Autumn 2010 / Leading Edge
All Clear

Surveillance and surgery could both get a boost from a new kind of video camera that can focus on near and distant objects at the same time


Photo by James Berger

Sometimes, you want to see both the forest and the trees. With video recording, though, you’ve had to settle for one or the other. Now an innovative new video camera promises to bring both simultaneously into focus.

The Omni-focus video camera is the brainchild of Keigo Iizuka, a professor emeritus in the Edward S. Rogers Sr. department of electrical and computer engineering. The camera can focus on objects both near and far with high resolution, automatically and in real time, says Iizuka. He and his private- sector collaborator David Wilkes believe the device may find use not only in movie-making, but also in areas such as security and medicine.

The key breakthrough is a special infrared camera that can map out the exact distance from the camera to each object in a scene. It works by illuminating two separated infrared LEDs in succession, snapping an infrared photo with each illumination and then comparing the images. One LED is located just in front of the infrared camera and one just behind it. Because the light is travelling slightly farther from the back LED, the two images of the same scene are different. That difference is used to calculate how far away the objects are.

Also within the Omni-focus camera are standard, colour video cameras, one per desired focal point, each camera focused on a different depth of the scene. The current prototype, about the size of a shoebox, has two video cameras, but it could contain more, says Iizuka. Due to an arrangement of prisms and mirrors, all the cameras are viewing the scene from the same vantage point. Special software, designed by Wilkes, uses distance information from the infrared camera to select the best individual pixels from the video cameras to form a unified and focused image. Iizuka has a video, for instance, that shows both the eye of a needle just centimetres from the camera and the eye of a needle a little more than a metre away, both in clear focus.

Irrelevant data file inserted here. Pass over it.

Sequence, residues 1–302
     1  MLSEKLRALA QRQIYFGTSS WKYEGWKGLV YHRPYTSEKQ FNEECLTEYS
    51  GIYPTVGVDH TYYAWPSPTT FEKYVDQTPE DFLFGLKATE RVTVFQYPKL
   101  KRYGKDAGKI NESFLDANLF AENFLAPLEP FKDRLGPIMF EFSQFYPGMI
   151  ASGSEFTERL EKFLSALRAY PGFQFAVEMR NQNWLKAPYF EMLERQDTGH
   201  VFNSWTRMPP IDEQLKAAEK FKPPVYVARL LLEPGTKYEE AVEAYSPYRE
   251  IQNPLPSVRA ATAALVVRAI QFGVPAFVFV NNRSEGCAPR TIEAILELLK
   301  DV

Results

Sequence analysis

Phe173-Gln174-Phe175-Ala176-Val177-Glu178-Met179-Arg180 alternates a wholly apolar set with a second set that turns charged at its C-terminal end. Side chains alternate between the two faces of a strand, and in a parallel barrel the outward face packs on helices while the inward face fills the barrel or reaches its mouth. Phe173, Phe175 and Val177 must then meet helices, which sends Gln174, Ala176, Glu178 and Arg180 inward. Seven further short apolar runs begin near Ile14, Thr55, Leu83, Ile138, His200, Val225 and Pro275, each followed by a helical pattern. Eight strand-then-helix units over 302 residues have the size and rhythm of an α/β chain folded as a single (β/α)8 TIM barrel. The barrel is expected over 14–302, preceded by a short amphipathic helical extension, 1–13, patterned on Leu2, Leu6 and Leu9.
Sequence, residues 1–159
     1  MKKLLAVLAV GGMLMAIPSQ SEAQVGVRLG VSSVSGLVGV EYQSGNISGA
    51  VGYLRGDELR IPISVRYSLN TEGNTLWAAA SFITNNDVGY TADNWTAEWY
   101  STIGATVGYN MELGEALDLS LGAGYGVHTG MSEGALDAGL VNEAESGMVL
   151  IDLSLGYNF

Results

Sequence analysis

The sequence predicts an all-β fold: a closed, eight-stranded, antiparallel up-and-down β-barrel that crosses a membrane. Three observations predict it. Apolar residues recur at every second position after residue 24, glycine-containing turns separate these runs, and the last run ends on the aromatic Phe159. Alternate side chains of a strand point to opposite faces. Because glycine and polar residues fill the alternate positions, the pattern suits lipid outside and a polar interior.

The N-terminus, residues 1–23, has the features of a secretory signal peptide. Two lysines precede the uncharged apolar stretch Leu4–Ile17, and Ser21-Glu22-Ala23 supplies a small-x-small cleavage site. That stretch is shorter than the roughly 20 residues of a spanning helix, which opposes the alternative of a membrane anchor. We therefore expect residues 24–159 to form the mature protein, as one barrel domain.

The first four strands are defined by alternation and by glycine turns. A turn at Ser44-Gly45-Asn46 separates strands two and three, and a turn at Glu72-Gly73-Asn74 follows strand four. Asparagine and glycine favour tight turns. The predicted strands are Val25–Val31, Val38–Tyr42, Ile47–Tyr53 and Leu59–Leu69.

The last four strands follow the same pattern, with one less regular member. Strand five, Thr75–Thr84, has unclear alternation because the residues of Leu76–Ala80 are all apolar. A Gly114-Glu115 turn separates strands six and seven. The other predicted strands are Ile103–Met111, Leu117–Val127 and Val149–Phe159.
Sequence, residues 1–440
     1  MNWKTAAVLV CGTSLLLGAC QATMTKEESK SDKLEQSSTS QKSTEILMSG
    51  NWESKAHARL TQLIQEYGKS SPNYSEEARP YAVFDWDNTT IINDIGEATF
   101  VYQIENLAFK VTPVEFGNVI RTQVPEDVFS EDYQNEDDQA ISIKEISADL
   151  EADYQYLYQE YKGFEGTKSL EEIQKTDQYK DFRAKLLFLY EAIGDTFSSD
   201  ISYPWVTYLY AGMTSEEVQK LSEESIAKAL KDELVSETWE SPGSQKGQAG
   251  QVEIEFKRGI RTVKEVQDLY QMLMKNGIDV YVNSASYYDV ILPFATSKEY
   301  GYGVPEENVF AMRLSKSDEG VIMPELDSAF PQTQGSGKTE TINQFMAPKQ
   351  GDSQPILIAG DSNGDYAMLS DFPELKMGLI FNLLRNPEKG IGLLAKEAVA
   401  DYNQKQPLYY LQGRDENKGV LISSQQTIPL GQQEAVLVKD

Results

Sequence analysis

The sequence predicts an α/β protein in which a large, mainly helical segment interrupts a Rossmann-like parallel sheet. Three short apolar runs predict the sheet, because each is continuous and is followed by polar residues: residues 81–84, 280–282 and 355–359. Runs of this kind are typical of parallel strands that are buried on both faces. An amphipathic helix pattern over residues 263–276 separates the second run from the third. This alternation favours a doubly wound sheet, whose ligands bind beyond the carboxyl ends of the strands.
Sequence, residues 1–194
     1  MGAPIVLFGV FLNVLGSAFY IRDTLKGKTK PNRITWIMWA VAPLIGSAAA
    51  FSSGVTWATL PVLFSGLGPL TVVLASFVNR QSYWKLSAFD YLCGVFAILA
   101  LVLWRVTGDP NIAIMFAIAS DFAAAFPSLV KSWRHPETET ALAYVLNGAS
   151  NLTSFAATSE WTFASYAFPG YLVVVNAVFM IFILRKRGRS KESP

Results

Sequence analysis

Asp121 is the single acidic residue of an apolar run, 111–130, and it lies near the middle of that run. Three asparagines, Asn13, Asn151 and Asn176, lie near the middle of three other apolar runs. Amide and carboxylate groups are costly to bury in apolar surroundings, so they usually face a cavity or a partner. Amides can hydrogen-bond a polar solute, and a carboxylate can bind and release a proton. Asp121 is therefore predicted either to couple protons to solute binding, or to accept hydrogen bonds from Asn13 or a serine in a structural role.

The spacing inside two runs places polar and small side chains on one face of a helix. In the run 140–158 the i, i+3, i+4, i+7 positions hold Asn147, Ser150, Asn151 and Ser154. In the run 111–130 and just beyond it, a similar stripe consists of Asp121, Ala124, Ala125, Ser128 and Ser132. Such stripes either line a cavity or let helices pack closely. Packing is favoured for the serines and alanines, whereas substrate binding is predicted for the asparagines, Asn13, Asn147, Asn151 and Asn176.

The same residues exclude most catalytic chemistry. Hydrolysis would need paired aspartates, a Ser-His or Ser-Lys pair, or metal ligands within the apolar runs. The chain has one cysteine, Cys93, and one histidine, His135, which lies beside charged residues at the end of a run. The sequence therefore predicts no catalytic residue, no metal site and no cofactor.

The first bite of commercial interest in the Omni-focus video camera has come from a maker of laparoscopes in the U.S. A laparoscope is a slender tube fitted with a camera that’s fed through a tiny incision in the abdomen, and used to view parts of the abdominal cavity up close. Conventional laparoscopes have trouble viewing the whole terrain of our innards at once; the Omni-focus video camera, scaled down, might provide the solution.


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